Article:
The Award Winner: LORD OF MISRULE
In the corner of the horse world that houses cheap claiming races, worn-through boots, dilapidated hot walkers, there still lies that glimmer that makes all equines a little bit magic. Jaime Gordon does a masterful job of showing us the chimerical glint of the next great horse that keeps her old trainers and grooms plugging along year after year at Indian Mound Downs, a low-rent racetrack in West Virginia. At the same time, she doesn’t back off from the often gruesome realities of low-level horseracing: deadly track injuries; hideously protracted racing careers.
We see the story of the characters who revolve around the track play out from the standpoint of multiple human narrators and even horses. There is Medicine Ed, the ancient groom with a bad hip and an old timer’s intuition (or maybe just superstition) regarding the tired former racing stars and the lackluster or untried young prospects. There is Deucey, the stereotypical one-horse, downward-bound trainer who actually may have a heart of gold. There is Maggie, whose frizzy pigtails rarely escape mention; she’s a newcomer to the world of racing who has just enough inexperience to spark a last little spurt of hope and excitement in some of the jaded characters around her.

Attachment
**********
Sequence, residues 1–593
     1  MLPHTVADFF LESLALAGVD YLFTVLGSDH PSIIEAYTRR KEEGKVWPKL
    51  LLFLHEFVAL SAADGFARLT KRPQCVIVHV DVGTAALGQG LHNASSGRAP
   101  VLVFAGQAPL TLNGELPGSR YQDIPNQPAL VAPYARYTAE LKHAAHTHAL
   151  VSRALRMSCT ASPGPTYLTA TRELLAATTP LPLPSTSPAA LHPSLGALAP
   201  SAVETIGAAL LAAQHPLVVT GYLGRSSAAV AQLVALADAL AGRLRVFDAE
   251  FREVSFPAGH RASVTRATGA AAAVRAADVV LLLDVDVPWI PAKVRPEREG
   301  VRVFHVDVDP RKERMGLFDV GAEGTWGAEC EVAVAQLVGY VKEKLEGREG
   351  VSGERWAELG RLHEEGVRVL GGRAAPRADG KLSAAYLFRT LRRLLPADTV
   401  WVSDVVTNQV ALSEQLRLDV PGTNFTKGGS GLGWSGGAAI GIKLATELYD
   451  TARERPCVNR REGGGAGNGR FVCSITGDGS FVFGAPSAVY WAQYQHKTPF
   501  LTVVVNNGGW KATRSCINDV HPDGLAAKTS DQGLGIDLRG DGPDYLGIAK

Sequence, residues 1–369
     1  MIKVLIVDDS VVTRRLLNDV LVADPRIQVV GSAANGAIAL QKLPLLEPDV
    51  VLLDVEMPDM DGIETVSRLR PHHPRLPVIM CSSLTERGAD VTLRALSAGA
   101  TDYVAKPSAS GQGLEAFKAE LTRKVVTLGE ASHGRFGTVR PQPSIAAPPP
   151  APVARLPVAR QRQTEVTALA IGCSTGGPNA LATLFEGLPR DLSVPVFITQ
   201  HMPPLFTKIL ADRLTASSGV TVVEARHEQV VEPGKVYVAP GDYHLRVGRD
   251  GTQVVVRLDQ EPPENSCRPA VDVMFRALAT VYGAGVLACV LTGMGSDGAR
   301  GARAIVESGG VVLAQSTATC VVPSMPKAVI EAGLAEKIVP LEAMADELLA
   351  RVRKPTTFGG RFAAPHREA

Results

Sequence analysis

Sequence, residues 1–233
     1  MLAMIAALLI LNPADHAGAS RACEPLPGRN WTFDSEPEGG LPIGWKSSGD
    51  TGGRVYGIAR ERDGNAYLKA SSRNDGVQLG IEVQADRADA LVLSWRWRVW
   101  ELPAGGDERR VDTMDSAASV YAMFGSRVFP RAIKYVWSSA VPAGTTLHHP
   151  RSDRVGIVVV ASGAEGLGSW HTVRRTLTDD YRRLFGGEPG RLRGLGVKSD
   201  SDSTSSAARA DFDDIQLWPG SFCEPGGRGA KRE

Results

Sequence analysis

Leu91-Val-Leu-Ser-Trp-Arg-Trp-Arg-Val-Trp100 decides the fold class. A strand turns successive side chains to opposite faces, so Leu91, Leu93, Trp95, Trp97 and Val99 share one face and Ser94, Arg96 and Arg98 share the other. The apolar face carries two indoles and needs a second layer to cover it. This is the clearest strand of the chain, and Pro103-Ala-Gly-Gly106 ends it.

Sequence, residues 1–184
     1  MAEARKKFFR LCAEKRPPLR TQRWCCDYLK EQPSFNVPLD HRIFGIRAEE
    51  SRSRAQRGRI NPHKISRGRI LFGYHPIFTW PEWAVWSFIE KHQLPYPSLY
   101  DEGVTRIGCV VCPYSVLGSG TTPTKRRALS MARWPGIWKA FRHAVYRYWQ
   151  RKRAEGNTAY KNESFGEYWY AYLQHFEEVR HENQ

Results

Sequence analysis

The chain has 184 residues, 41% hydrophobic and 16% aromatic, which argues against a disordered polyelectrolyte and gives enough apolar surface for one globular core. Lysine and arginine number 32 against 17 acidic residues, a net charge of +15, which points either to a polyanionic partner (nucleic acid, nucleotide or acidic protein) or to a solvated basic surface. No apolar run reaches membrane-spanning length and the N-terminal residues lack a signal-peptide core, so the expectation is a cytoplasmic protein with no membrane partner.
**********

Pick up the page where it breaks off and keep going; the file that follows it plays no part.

We meet horses from both ends of the spectrum: those whose careers have barely begun and the old-timers who still display the oft-mentioned “class” that won them prominent races many years ago. Either way, the horses are all in the same situation now – clawing their way through one claiming race after another, and Gordon makes no bones about the fact that the vast majority of them are headed down the ranks. She does a particularly interesting job of portraying training and performance through the horses’ eyes. For instance, Little Spinoza, the coltish six-year-old who should have made something of himself when he had the chance farther up the ranks, enjoys watching birds flying during his training sessions. When he is asked to actually race, however, bad memories come flooding back.
Gordon’s experience working at a racetrack shines through in her characters’ language; nothing is stated head-on. Instead, she allows her grizzled trainers and grooms to sidle up alongside subjects like equine medical procedures and training methods with expressions presumably peculiar to that sunken echelon of racing. The common thread among most of Gordon’s human characters is that they really do seem to love horses on some level. Granted, the majority of them make irresponsible and sometimes downright harmful decisions regarding their equine charges’ welfare, but they do still display an affinity in their own way.
“Lord of Misrule” is not a feel-good portrayal of the horse world, but it’s certainly worth the read if only for Gordon’s undeniable racing knowledge put forth in superbly crafted prose that won this novel the 2010 National Book Award.